Sunday, December 2, 2012

Song of the Vikings

For a good time?  Go to an author's reading.  The Northshire Bookstore recently had an author signing for Nancy Marie Brown who has just released Song of the Vikings a book about the very interesting historian/skald of Iceland, Snorri Sturluson. 
I learned a lot, just in an hour.  I knew, for example, that my 'escapist' reading eas looked down on when I was in college, that Tolkien had only a grudging respect in academia in the early 90's because he had written part of the Oxford English Dictionary, and because his books had sold so well.  How much more frustrating it must have been earlier, when he didn't have the cache of being so popular.  He was only an Oxford Dean, back then.  

I love my Tolkien.  I love my Icelandic saga.  While they are not the same, they go hand-in-hand with a certain number of sensibilities.  And those have been passed onto a few generations of writers.  And I consier that a good thing. But it's always interesting to understand the origins of something I enjoy, as well as it's influences.  It's why I'm totally hooked on movie commentaries and extras.  What was the process that lead to the creation of something like the Lord of the Rings or Pan's Labyrinth?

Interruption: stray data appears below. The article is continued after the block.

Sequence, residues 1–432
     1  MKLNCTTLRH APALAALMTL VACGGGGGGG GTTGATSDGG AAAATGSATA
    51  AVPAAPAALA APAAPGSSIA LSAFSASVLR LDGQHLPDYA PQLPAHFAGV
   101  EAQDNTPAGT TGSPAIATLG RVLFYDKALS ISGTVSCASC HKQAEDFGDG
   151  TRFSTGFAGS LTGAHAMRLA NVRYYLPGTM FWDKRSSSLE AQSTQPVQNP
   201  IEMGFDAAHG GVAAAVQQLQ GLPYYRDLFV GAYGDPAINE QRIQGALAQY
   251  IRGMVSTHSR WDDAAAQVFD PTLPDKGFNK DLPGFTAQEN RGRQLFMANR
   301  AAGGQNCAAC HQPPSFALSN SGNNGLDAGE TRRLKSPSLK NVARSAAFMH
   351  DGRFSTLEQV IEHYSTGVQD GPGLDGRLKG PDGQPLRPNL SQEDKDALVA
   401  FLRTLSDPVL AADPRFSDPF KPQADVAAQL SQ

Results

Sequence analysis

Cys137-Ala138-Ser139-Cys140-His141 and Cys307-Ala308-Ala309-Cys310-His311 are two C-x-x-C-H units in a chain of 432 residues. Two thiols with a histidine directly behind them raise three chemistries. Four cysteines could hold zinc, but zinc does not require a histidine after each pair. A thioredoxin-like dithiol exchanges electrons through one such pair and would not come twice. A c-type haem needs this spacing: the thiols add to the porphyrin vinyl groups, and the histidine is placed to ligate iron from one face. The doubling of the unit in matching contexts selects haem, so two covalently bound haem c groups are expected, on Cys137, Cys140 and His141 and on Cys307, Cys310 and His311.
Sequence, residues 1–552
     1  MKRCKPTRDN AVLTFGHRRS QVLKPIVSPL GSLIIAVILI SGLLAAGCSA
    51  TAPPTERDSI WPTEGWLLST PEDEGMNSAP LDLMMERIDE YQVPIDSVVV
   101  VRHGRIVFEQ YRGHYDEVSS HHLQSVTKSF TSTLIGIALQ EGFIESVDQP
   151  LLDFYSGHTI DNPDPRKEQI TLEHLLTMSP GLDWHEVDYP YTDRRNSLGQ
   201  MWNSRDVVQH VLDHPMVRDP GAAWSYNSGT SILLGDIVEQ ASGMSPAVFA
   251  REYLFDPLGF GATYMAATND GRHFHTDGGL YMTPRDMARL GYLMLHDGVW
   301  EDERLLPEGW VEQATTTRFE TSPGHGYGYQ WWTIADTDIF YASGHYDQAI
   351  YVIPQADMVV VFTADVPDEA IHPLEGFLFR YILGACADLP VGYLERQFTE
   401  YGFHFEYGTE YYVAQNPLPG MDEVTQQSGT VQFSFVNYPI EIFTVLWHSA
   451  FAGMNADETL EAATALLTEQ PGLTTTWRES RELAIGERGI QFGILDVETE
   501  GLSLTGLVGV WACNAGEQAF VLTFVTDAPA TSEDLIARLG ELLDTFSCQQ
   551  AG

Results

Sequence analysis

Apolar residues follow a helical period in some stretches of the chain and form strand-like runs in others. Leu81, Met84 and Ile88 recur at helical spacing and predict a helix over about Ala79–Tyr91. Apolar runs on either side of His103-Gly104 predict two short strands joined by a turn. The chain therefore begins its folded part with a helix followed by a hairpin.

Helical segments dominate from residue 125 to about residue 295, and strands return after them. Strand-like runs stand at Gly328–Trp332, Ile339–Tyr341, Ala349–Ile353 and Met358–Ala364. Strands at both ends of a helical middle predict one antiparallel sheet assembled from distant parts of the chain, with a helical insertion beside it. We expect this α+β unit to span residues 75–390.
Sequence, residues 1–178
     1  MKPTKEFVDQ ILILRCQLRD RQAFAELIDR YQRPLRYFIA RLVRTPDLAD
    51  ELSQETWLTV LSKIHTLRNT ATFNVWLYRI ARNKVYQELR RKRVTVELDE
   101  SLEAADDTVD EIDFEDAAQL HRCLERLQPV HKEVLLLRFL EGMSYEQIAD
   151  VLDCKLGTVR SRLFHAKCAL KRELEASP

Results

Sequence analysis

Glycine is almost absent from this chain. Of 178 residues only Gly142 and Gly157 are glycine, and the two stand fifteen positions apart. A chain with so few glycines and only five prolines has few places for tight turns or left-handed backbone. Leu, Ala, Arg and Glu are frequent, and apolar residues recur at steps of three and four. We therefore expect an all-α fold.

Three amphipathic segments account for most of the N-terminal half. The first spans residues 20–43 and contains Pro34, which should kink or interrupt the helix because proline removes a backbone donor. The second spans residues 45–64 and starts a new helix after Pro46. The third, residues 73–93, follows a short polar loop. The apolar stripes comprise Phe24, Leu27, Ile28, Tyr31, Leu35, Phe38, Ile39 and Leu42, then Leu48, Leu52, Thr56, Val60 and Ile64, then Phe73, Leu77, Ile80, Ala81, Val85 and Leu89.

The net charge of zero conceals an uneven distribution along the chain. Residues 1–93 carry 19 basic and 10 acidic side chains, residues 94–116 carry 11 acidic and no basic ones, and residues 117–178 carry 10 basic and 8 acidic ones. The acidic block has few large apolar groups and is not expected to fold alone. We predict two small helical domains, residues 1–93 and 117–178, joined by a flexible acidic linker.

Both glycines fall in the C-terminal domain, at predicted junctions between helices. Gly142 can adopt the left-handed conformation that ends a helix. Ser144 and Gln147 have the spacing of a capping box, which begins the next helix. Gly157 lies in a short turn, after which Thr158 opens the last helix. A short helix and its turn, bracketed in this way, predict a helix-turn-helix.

Snorri Sturluson was a poet and powerful landowner in 13th Century Iceland.  He wrote many of the stories we clasically associate with Norse mythology, and laid the foundations for the early modern view of heroism. But Snorri's story also has unexpected moments of connection to the work of Tolkien.  For example, the day of his death.  September the 22nd.  Which is, for the non-Tolkein fanatics out there, Bilbo and Frodo's shared birthday.  Hm. 

Nancy Marie Brown is a good speaker, interesting and informative.  She really knew how to hook me as a listener in.  She was pleasant to speak with and clealy knew her stuff.  Who wouldn't want a book or two signed by her?


According to her blog, what prompted her to start writing this book was reading Neil Gaiman's American Gods.  Neil Gaiman, if you aren't a long-time reader, is, in my opinion, the second-most dropped name in English.  I can't wait to dive into Song of the Vikings

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